Of the 5,719 households, 33.4% had children under the age of 18; 57.3% were married couples living together; 11.1% had a female householder with no husband present and 27.1% were non-families. Of all households, 22.2% were made up of individuals and 8.8% had someone living alone who was 65 years of age or older. The average household size was 2.66 and the average family size was 3.13.[9]

24.1% of the population were under the age of 18, 8.1% from 18 to 24, 25.4% from 25 to 44, 29.5% from 45 to 64, and 12.8% who were 65 years of age or older. The median age was 40.3 years. For every 100 females, the population had 92.9 males. For every 100 females ages 18 and older there were 88.8 males.[9]

The Census Bureau's 2006-2010 American Community Survey showed that (in 2010 inflation-adjusted dollars) median household income was $80,743 (with a margin of error of +/- $4,473) and the median family income was $88,586 (+/- $5,058). Males had a median income of $66,993 (+/- $4,279) versus $49,500 (+/- $7,015) for females. The per capita income for the borough was $35,073 (+/- $2,942). About 2.7% of families and 4.5% of the population were below the poverty line, including 8.1% of those under age 18 and 3.6% of those age 65 or over.[42]

Census 2000[edit]

As of the 2000 United States Census[17] there were 14,217 people, 5,265 households, and 3,948 families residing in the township. The population density was 894.3 people per square mile (345.2/km²). There were 5,411 housing units at an average density of 340.4 per square mile (131.4/km²). The racial makeup of the township was 95.81% White, 2.07% African American, 0.20% Native American, 0.86% Asian, 0.28% from other races, and 0.78% from two or more races. Hispanic or Latino of any race were 1.26% of the population.[40][41]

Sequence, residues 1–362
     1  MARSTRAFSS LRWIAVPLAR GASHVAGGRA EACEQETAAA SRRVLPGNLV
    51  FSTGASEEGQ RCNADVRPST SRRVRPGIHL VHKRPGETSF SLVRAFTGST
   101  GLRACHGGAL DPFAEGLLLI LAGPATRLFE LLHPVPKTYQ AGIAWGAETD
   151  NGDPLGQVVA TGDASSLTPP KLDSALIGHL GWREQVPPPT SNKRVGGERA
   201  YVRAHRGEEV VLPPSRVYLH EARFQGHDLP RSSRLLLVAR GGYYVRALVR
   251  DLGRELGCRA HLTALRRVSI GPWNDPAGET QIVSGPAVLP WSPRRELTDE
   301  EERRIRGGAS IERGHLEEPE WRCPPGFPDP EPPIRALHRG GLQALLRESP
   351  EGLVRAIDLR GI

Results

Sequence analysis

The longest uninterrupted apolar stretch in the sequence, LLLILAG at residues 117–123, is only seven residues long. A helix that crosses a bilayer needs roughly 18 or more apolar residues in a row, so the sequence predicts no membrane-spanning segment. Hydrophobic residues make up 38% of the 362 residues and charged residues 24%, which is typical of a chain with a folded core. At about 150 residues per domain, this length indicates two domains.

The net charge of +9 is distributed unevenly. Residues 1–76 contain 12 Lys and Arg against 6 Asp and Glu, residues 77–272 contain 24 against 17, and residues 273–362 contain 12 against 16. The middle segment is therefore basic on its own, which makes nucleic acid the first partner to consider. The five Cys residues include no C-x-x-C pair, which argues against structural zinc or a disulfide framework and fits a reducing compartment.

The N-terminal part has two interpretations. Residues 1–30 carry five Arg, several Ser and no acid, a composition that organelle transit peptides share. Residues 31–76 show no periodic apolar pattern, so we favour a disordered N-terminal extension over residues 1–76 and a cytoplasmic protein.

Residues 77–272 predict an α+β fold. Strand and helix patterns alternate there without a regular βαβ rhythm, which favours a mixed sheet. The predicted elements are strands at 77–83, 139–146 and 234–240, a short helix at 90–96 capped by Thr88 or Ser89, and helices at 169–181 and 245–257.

There were 5,265 households out of which 36.9% had children under the age of 18 living with them, 62.1% were married couples living together, 9.0% had a female householder with no husband present, and 25.0% were non-families. 21.1% of all households were made up of individuals and 7.3% had someone living alone who was 65 years of age or older. The average household size was 2.69 and the average family size was 3.14.[40]

In the township the population was spread out with 26.7% under the age of 18, 6.3% from 18 to 24, 33.6% from 25 to 44, 22.3% from 45 to 64, and 11.1% who were 65 years of age or older. The median age was 36 years. For every 100 females, there were 96.0 males. For every 100 females age 18 and over, there were 92.5 males.[40]

The median income for a household in the township was $58,256, and the median income for a family was $63,391. Males had a median income of $46,984 versus $32,495 for females. The per capita income for the township was $24,147. About 2.8% of families and 3.6% of the population were below the poverty line, including 4.3% of those under age 18 and 2.1% of those age 65 or over.[40]

Parks and recreation[edit]

Tall Pines State Preserve is a 111-acre (45 ha) nature preserve that opened in November 2015 as Gloucester County's first state park and is located along the border of Deptford Township and Mantua Township. Originally a forest that was turned into an asparagus field and then a golf course, the land was preserved through the efforts of the South Jersey Land and Water Trust, the Friends of Tall Pines, Gloucester County Nature Club, and the New Jersey Green Acres Program.[43]

Government[edit]

Local government[edit]

Mantua Township is governed under the Township form of New Jersey municipal government, one of 141 of 565 municipalities statewide that use this form, the second-most commonly used form of government in the state.[44] The Township Committee is comprised of five members, who are elected directly by the voters at-large in partisan elections to serve three-year terms of office on a staggered basis, with either one or two seats coming up for election each year as part of the November general election in a three-year cycle.[7][45] At an annual reorganization meeting, the Township Committee selects one of its members to serve as Mayor and another as Deputy Mayor.[3]

As of 2020, members of the Mantua Township Committee are Mayor Pete Scirrotto (D, term on committee ends December 31, 2022; term as mayor ends 2020), Deputy Mayor Robert T. Zimmerman (D, term on committee ends 2021; term as deputy mayor ends 2020), Shawn K. Layton (D, 2021), John Legge (D, 2020) and Eileen Lukens (D, 2022).[3][46][47][48][49][50]